Who knows? Maybe it actually did happen.
This collective assimilation thing is one of the great pleasures of reading. Even if the scientists call it something that makes it sound like some kind of fascist movement.
It caught me a bit off guard that those likely to be assimilated in real life were likely to be assimilated into novels as well--there goes the stereotypical image of the reclusive bookworm.
So, team Harry vs team Edward, this time? ;)ReplyDelete
I wonder if the assimilation, as tested above, has any lasting implications: if they tested them a week or month later, in a diff environment, would the results be the same. Itd be fun to play with variables here, give some of the Harry set the Twilight passage before the second test, and so on.
Helen -- ha! You're totally right about the fascist thing. (And I think you were right about the penny too :-P)ReplyDelete
cplangord -- that's a really good point about the stereotypical bookworm. You're right. I would've expected the bookworm to be more into the story. Food for thought…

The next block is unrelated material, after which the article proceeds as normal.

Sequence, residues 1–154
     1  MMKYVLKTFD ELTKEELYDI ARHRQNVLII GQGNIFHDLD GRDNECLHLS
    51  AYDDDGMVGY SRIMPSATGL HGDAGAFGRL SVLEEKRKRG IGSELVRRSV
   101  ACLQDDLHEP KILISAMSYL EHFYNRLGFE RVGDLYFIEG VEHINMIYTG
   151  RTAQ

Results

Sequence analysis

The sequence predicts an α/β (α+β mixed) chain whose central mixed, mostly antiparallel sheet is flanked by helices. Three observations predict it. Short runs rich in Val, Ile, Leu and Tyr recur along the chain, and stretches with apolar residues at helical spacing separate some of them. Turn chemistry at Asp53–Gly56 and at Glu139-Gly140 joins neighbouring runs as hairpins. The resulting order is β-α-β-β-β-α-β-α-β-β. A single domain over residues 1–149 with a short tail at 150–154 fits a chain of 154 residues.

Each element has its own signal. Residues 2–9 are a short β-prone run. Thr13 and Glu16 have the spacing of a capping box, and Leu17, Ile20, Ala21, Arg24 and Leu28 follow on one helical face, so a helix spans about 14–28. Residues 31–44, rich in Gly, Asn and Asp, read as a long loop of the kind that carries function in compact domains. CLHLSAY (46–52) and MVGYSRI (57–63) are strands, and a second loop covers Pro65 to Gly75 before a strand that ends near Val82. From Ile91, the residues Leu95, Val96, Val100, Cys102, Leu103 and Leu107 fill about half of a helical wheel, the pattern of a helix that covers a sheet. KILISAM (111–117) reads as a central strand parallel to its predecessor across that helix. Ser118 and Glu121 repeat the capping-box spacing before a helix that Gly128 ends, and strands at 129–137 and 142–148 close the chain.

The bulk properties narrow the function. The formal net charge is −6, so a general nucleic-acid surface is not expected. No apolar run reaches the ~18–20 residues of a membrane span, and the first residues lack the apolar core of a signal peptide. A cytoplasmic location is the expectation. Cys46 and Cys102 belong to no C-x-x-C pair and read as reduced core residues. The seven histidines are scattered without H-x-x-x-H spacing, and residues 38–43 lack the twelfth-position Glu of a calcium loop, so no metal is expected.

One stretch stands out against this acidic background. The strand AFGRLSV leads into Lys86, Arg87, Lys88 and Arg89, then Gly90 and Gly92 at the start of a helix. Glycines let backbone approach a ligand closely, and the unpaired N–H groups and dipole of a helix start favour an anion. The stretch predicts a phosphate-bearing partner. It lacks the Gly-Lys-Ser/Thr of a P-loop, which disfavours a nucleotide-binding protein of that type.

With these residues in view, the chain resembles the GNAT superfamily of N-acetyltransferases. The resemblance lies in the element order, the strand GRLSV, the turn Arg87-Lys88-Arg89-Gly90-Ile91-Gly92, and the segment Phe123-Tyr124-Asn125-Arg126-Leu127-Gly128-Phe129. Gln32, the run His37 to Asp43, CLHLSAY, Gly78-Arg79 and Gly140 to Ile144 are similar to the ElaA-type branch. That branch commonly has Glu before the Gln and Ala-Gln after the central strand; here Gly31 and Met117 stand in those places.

Jesse -- yeah, and I would also be interested in seeing whether personality or enjoyment of the story has any effect on how long the assimilation lasts.
Jesse poses some great questions. What I would also like to know is whether there is differing assimilation between first-person narratives (like Twilight) and third-person narratives (with or without limited omniscience, like Harry Potter).ReplyDelete
Great post, Livia.
VDGriesdoom -- Yes! I so want to do that experiment. And it's interesting cuz Twilight is not told from a vampire's point of view, it's told from Bella's.ReplyDelete
Yeah when I read the Count of Monte Cristo I wanted to be the count. Basically I wanted to be extremely rich, badass, smarter than everyone, and working with a vendetta that is completely justified.ReplyDelete
and I also wanted to be like those twilight vampires, rich, badass, run really fast, live forever, be sick at the piano...the list goes on
I would love to be a part of Harry Potter's world (post the demise of Voldemort, of course). I can also remember wanting to be part of Enid Blyton's Magic Far-Away Tree when I was little.ReplyDelete